Kennys Vargas is the last Twin to be optioned in four seasons. After having his contract purchased in November of 2013, he spent parts or all of 2014, 2015 and 2016 on optional assignment. But, BOOM! 2017 rolls around and he’s optioned again… for the fourth time. How come? Well, two years in rookie ball (where seasons don’t last 90 days) and a suspension will do that. His first full accredited service year was 2013. His next three - 2014 through 2016 - left him out of options before his fifth full season; therefore, one more option year.
Typically, the tell-tale sign for me is if a player is added to the 40-man roster after his first full season in low-A ball. It’s not foolproof, but it’s a decent indicator.
Let’s take Jorge Polanco, for example. Purchased along with Kennys Vargas in November of 2013 after a full season of (and first exposure to) low-A ball. (Sorry, “purchasing” is the act of adding a player to the 40-man roster.) Polanco then spent 2014, 2015 and 2016 on optional assignments. He would follow the exact same path as Vargas, right? Right?! Wrong.
It’s all worked out OK for Polanco since going on a second-half tear in 2017. But in the first half of the season he struggled and the Twins couldn’t send him down… thanks to a careless error they made in the July of 2010(!).
In Polanco’s first try at pro ball, he was sent to the Dominican Summer League, a league that starts and ends earlier than rookie domestic leagues (but is still less than 90 days). In early July, however, Polanco was promoted to the GCL. Kudos to the Twins for getting Polanco (and Miguel Sano) additional at-bats… but BOOO the Twins for having Polanco (and Sano) active for 92 days that season. That promotion gave Polanco five seasons under his belt coming into 2017… and he was out of options.
I know what you’re thinking… “Are you telling me the Twins screwed up and cost Miguel Sano a fourth option year!?” Not at all. First, Sano went two years (2016 and 2017) without being optioned, so there was no way he could qualify for a fourth regardless. Plus, he was signed after the conclusion of the minor league season in 2009, so his need to be added to the 40-man roster was a year later than Polanco, Vargas, and (next) Max Kepler, which put him on a different timeline completely.
So what about Max Kepler? Also purchased with Polanco and Vargas, Kepler spent all of 2014 on optional assignment. His second option year, 2015, ended with a September cameo. He started 2016, his third option year, in Rochester before being recalled. He never returned to the minors. But could he have in 2017? Sure. He was out of options and within his first five professional season. In fact, if the Twins needed to, they may have been able to option him in 2018 as well. Why? Kepler missed much of 2013 with an elbow injury and failed to be active for the required 90 days. That means his first full professional season was 2014 and coming into last season he would have been, again, out of options and within his first five professional seasons.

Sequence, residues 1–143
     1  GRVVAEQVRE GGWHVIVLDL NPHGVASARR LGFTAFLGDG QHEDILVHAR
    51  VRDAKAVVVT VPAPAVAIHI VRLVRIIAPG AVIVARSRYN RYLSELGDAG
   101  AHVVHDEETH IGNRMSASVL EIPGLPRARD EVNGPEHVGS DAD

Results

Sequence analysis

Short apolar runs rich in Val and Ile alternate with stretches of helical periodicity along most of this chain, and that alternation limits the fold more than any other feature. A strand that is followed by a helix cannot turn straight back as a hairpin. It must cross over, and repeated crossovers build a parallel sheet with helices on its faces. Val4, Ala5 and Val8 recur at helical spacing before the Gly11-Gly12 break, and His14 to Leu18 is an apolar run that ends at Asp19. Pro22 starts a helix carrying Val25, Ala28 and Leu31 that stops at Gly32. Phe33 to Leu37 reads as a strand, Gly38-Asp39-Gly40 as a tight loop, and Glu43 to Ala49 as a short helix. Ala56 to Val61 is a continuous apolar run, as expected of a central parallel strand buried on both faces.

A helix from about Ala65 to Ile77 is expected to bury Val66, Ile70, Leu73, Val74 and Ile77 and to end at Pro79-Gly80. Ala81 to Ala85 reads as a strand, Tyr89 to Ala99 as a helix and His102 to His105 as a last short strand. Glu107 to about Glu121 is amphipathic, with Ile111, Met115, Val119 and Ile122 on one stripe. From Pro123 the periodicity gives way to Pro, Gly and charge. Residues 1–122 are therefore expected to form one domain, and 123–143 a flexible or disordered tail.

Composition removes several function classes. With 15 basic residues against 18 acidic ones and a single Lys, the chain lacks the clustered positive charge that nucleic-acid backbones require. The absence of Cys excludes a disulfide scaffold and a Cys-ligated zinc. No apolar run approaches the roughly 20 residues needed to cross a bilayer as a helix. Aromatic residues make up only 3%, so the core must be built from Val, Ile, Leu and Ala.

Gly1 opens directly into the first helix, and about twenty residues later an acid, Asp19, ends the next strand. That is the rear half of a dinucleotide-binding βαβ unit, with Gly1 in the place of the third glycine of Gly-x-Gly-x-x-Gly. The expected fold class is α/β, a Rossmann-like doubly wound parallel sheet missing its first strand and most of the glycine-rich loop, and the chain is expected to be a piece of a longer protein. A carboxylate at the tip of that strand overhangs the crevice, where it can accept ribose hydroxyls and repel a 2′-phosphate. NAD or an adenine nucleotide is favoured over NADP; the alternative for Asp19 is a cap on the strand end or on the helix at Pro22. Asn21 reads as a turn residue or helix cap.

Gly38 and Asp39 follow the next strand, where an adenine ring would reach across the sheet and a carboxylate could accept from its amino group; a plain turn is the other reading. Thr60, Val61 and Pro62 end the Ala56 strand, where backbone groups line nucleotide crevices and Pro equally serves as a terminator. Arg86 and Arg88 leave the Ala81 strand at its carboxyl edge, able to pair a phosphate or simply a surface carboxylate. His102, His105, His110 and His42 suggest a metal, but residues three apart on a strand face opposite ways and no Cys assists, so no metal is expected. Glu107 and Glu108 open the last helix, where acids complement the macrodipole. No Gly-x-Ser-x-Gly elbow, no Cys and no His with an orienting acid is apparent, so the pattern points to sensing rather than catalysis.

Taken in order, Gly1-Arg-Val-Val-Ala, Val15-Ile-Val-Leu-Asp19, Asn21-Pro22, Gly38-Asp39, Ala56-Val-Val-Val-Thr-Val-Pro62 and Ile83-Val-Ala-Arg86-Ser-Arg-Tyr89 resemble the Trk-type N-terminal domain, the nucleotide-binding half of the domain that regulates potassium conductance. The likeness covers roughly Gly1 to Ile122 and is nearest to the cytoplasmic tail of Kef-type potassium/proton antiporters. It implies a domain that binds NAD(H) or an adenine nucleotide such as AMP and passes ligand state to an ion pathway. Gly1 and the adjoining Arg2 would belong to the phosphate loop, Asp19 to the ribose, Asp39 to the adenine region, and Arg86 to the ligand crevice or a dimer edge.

In the fall of 2013, before Kepler really exploded, many questioned why the Twins would add him to the 40-man roster, citing, correctly, that there was no way he’d be able to play in MLB and his development would be ruined. While a fair point, he would have been taken and stashed, because even at that time, you could figure out he’d get that fourth option. Call it a redshirt year… or whatever you’d like. He needed to be added. It was the same reason I believed the Twins should have added Johan Quezada to their 40-man roster last November (and, since they didn’t, should next November): the possibility of another option year (and really, another year of team control).
As touched on last week, Fernando Romero is in line for a fourth option in 2020, if the need arises. As 2016 was his first professional season and he was added to the 40-man that off-season, Romero ran through three options (2017, 2018 and 2019) in his first four seasons. That allows him to be sent on optional assignment next season.
Injuries (and, oh boy, do I have a humdinger for you a little later) are the most likely reason to trigger the elusive fourth options - former Twins prospects Randy Rosario and J.T. Chargois were heading down the road to eligibility before they left the organization (and I stopped keeping track) - but there is one other very possible scenario: The nearly-ready-for-the-MLB-draft-pick.
In the linked last week and again here, Brock Stewart of the Dodgers thought he was out of options. (The story does a good job with accuracy; however, it misinforms readers that you get three options “once [you] reach the major leagues” when, in fact, for most, your first option comes before you sniff a major league baseball game.Though in Stewart’s case, he did reach the majors first.)
As it turns out, Stewart spent his 2014 draft season (less than 90 days) pitching in rookie ball. His first full season was split between A-level clubs and he was “called up” (or “purchased”) during the 2016 season. He was also optioned in 2016. And then 2017 and 2018. Three options, four professional season. Have fun on that AAA/MLB Shuttle again this year, Brock!
So, you ready for the humdinger? Let’s talk briefly about Alex Kirilloff. What if he comes back, rakes like we expect him to and, due to an injury, the Twins need another outfielder? Should he be considered? The correct answer is absolutely. For one, he’s such a good hitter, he shouldn’t need three option years to begin with. But, more importantly, even if he did, he’d qualify for the fourth option. Last year was his first full professional season due to a missing a year with an elbow injury. If he’s added a year from now, he wouldn’t be afforded that luxury. So, really, it wouldn’t make sense to not add him if you think he’s ready. (Service time manipulators notwithstanding.)